Links to articles, interesting information or specific sustainably things from Pulp

Pulp: Striving for a Green Lifestyle

It’s easy to get Green Washed by products claiming to be sustainable, or to lose sight on what the importance of green or sustainable products are.  At the end of it all, the main goal is to reduce our carbon footprint and alter the impact that human behavior or man made products have on the world and the environment. It’s difficult to be completely green, and critics may point to negatives or shoot holes in green claiming products so it’s important to see where a positive impact can be made and to use that opportunity to bring constant awareness.  We’ve all heard criticism of hybrid cars, electric cars or biofuel. It might be true that they can’t replace gas powered vehicles all at once, and they each have their own potential impacts on the environment, but they are all positive developments that seek to alter and find new ways to reduce our effect on the environment while still providing a critical necessity in this world.

Plastic is a fairly new phenomenon in the world and it has especially had an impact with disposable plastic water bottles, plastic bags and similar disposable products. The products themselves are not entirely bad but their overuse and lack of control are. There are many articles about the large garbage patches in the ocean that are like a whirlpool of plastic debris. This plastic simply doesn’t decompose and affects the ocean and marine life. There are other stories of the debris breaking into small pellets and being ingested by marine life which often then gets consumed by humans.

There have been positive moves to increase awareness and alter our behavior. Recycling is now very common and reducing the unnecessary use of disposable plastic products has increased with things like reducing or eliminating plastic shopping bags and using reusable bags. It’s hard to imagine a world without plastic, and that’s where it’s important to look at changing our behavior. Plastic can be recycled, and this alone would have a huge impact on the world.

Our goal at Pulp is to continuously seek products that look and perform as well as other options out there, but to always have a sustainable aspect in mind that brings awareness to how our choice of products can help improve our carbon footprint on the world. Our line of clothing is largely made from  materials that are made from recycled plastic, rather than new raw materials. This, we believe helps promote recycling plastic and pushing manufactures to increasingly look for more sustainability in consumer products.  We will try to use this and our other products to build awareness, on how we can change our world and our environment. Being sustainable can be like being on a diet. You can’t magically change overnight and there is no magic formula. In other words you can just stop eating. It’s a process and it means being aware and making changes step by step that make it part of a life style. We hope our goal to create a brand of innovative sustainable surf lifestyle products will inspire people and bring awareness to their choices and how our behavior can impact the environment.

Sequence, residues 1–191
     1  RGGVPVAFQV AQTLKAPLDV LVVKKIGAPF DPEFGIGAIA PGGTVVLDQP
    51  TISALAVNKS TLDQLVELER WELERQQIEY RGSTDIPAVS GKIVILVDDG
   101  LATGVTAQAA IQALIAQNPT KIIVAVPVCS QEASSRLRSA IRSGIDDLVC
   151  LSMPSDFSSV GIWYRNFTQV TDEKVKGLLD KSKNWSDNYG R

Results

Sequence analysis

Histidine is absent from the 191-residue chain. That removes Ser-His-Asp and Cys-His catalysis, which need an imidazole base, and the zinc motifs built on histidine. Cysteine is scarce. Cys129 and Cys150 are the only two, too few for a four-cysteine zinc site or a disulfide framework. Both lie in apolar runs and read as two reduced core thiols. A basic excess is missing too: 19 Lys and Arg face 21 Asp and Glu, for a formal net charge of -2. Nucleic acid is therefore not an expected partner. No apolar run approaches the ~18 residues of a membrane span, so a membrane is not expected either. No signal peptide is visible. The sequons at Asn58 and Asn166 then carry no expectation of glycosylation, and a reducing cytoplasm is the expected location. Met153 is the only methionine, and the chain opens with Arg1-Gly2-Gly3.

How Plastic Bottles are Recycled into Polyester

Mini Paipo Board with paper Based Core

Paper Based Surf Boards Boards

The name Pulp derives from our goal to make surfboards out of paper based cores by using various different paper making technologies. Paper products such as corrugated and honeycomb papers have similar characteristics to wood by offering strength and rigidity but by reducing weight. We have made numerous prototypes that have successfully been used to ride waves and paddle as SUP’s..

Why Paper? The surf industry has for a long time sought an alternative to foam based cores. Foam is lightweight, inexpensive, easy to shape and strong. Paper products share all of these qualities. The biggest problem with foam is that it has a negative impact on the environment and does not break down naturally. Paper on the other hand is recyclable, re-pulpable and would greatly reduce surfers’ carbon footprint as far as surfboard cores and the process of making them.

We know that we can make paper based boards that work, but our challenge is to make them efficiently while resulting in a product that is as good or better than industry standards. There has been a move to wood built boards, and we feel that paper can take this one step further. We hope to use this blog to document different steps in our progress.